Steele Collection MS 2008.

Portrait of Sam Steele in 1891

In 1906, Samuel Benfield Steele decided to write his memoir, Forty Years in Canada, about his role upholding imperial law and order first in Canada as a Mountie in the North West Mounted Police (NWMP). The book also covered his time in South Africa, where he commanded Lord Strathcona’s Horse in the second Boer War, and where after the war, he helped to develop the South African Constabulary. He viewed his book as an important history of the early years of Canada and his role in protecting the British Empire. Since its publication over one hundred years ago, Forty Years in Canada has more often than not been accepted by readers as fact, but its publication history shows it is other than fact. This exhibition explores the complicated publication history of Forty Years in Canada—a fascinating narrative of Steele’s apparent involvement in every event of Canada’s first four decades as a nation.


Steele Collection FC 3216.3 S7 A4 1915

Forty Years in Canada title page

Believing he could not simply rely on memory in writing the manuscript, Steele invited his network of former colleagues and friends to send him their reminiscences so he could check his manuscript against their remembrances of the events. While Steele repeatedly stated accuracy was his principle aim, the surviving drafts of his manuscript and his correspondence tell another story. Research shows Steele borrowed his colleagues’ letters, taking their first-person accounts and making them his own. Reading the description published in Forty Years of a buffalo stampede witnessed during a march, one might not suspect that the passage was from someone else’s account and that Steele had most likely not even been on that march. Steele borrowed accounts from his colleagues’ letters in order to place himself at the centre of the action, as well as to highlight significant experiences and moments in a Mountie’s life. Borrowed passages from this correspondence also helped to solidify the image of both Steele, as an individual, and of the Mounties as a force, i.e. the Mountie “always got his man.” The documents in this exhibition not only tell the story of Steele’s borrowing but also the protracted process he went through to see his memoir published.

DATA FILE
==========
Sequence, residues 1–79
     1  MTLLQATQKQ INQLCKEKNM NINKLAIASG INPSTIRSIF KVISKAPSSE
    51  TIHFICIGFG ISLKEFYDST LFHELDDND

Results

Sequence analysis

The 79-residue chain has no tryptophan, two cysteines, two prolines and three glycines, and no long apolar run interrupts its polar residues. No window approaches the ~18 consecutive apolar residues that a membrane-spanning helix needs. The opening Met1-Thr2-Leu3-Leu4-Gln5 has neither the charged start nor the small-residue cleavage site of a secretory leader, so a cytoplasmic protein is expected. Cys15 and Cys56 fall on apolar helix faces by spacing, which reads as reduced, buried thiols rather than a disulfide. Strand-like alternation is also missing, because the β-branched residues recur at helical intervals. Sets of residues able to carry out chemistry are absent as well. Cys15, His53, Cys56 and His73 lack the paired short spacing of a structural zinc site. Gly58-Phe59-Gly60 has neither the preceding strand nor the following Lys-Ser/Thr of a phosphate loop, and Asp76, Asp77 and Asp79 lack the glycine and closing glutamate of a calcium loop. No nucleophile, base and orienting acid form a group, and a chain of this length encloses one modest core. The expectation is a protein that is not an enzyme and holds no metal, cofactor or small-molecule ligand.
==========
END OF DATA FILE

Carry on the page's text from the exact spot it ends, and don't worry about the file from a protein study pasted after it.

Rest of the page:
Images in this exhibition may be reproduced on the condition that proper copyright permissions have been obtained (if applicable) and that the following citation is displayed with the image: “Image courtesy of Bruce Peel Special Collections, University of Alberta.”


Curator: Alison Rukavina

Editing: Cheryl Cundell

Programming and Design: Natasha Nunn

Photography and Scanning: Jeff Papineau

Transcriptions: Rebecca Robinson

Special Assistance: Samantha Nugent and Jesse Carson

Program Coordinator (Peel Digital Exhibitions): Linda Quirk

cover of memoir

Forty Years in Canada

About the Curator

Alison Rukavina ( is a professor of English literature; she has taught at University of Alberta and Texas Tech University. Dr Rukavina specializes in nineteenth-century British and colonial literature and print culture. She published The Development of the International Book Trade, 1870-1895: Tangled Networks in 2010 and is currently writing her second book on iconic Canadian Mountie Sam Steele and the dysfunctional publishing history of his memoir.